Copyright and Fair Use questions can be very complicated and confusing. Curtis Newbold of The Visual Communication Guy blog has come up with a really great flowchart that answers students’ questions about whether or not the images they want to use in their projects are fair game. Click the image below to see the full-sized version, which would be a great tool to share with students this fall.
Below find the chat logs from tonight’s first ever #edwhy and #edwhatif chats. Not a huge response the first time out (Okay, very small.), but that’s not a problem–I believe it will be worthwhile, because we need to question things in our field if anything is ever going to change for the better.
Besides, I’m a longtime blogger–I’m used to talking to myself! 🙂
We are exploring some options for our district’s future student technologies right now. We have a significant need to increase accessibility for our students, but I’m not sure what that means, exactly. Does it involve a 1:1 program? Perhaps buying large numbers of wireless laptop/tablets and carts? Labs? iPads? Chromebooks? Laptops? Oh, my! Lots of questions in my mind right now, but I have come to a few certainties at this point, particularly after looking at quite a bit of the research on 1:1 programs. I’ve also received some great insight from colleagues trying different 1:1 programs around the state. In no particular order, my conclusions thus far:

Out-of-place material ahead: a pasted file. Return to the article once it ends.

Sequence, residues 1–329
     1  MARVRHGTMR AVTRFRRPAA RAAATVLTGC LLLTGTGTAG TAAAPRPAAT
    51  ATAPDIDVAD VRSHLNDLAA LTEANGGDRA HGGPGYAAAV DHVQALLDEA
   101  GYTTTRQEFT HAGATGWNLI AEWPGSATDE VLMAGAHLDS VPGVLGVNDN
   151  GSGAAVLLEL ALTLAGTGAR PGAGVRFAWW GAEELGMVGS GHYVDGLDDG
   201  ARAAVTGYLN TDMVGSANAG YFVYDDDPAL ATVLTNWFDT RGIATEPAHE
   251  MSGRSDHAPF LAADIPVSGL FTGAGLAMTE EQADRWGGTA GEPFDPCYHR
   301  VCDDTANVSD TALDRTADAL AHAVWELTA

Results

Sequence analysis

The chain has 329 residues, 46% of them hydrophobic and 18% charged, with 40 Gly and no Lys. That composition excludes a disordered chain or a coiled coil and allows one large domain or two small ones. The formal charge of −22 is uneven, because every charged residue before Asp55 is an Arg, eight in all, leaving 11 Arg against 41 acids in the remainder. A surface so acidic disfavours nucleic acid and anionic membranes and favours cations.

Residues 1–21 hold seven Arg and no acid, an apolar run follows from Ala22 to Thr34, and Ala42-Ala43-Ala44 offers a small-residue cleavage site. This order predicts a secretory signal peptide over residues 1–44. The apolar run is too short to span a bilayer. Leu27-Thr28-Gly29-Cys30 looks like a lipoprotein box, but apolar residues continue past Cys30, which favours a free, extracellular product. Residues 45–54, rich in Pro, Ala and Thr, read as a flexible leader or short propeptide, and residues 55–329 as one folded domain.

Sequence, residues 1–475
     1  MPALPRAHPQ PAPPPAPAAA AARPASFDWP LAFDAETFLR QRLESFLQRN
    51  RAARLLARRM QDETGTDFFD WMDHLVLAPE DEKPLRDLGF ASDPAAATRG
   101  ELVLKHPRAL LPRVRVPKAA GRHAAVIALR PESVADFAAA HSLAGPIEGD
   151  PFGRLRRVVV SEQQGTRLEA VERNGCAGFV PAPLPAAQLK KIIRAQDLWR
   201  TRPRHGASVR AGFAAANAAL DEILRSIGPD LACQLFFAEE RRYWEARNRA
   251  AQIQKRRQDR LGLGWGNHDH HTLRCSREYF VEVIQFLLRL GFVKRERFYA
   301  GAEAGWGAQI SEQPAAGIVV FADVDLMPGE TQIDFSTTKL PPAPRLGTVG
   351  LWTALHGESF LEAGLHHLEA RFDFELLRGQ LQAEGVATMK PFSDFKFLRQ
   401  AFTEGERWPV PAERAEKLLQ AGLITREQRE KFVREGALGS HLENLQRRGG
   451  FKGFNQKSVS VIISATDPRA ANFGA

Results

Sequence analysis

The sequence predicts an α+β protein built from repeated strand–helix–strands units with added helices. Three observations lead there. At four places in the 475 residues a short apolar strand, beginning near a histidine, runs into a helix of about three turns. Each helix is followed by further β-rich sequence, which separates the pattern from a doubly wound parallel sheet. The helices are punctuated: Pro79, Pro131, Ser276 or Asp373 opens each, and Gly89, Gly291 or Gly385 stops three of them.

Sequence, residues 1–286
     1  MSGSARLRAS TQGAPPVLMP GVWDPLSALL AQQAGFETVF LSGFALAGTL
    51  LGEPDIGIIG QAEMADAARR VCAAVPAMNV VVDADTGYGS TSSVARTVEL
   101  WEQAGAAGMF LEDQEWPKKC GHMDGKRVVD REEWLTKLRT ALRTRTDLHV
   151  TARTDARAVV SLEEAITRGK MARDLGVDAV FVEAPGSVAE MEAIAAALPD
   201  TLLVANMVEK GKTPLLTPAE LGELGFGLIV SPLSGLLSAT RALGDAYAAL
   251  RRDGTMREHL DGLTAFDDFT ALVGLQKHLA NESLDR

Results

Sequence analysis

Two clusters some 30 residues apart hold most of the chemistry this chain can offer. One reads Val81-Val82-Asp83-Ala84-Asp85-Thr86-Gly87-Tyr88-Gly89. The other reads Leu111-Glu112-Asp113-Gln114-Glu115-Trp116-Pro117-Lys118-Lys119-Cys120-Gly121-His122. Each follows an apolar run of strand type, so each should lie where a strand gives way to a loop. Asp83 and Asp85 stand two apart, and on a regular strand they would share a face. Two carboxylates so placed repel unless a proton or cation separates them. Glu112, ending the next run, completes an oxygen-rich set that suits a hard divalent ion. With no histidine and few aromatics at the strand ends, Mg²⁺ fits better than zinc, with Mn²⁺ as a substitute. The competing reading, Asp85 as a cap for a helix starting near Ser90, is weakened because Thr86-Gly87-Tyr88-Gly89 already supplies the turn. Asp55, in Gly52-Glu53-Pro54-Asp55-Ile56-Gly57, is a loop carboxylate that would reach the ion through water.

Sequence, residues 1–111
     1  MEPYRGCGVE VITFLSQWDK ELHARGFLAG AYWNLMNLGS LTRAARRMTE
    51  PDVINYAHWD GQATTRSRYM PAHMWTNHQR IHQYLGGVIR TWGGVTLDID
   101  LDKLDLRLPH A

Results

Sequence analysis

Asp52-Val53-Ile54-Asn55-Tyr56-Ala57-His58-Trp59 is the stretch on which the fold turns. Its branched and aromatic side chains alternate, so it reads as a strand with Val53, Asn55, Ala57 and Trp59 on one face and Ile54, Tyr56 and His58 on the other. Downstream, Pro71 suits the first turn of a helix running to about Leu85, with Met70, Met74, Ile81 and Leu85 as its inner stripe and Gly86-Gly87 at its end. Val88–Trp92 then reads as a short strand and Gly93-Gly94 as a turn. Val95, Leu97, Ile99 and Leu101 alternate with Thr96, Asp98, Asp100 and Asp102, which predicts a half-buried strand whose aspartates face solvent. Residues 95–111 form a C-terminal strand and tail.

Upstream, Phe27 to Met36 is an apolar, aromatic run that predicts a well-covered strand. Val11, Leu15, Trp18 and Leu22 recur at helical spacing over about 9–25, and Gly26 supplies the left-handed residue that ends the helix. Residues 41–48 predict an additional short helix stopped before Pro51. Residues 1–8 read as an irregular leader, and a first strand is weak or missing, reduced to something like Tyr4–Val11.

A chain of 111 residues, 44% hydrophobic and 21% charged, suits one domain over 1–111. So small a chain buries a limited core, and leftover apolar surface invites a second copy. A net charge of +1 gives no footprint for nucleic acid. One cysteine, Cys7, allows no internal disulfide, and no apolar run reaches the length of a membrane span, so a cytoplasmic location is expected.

Students are more than ready.Certainly, not every child is a budding, young Steve Jobs or Mark Zuckerberg. However, all students are quite ready to research, create, communicate, etc. using technology (and most are doing it without our assistance or blessing, anyway.)
Why are some 1:1 programs more successful than others?y).
Teachers are, for the most part, not. Currently, most of the teachers I know either lack the technology know-how and experience, or they utilize a teacher-centered style that does not take full advantage of the capabilities of today’s tech tools. This isn’t an indictment–they are doing great things with the tools they have at their disposal. We’re just talking about a whole new set of tools, which leads to the next point…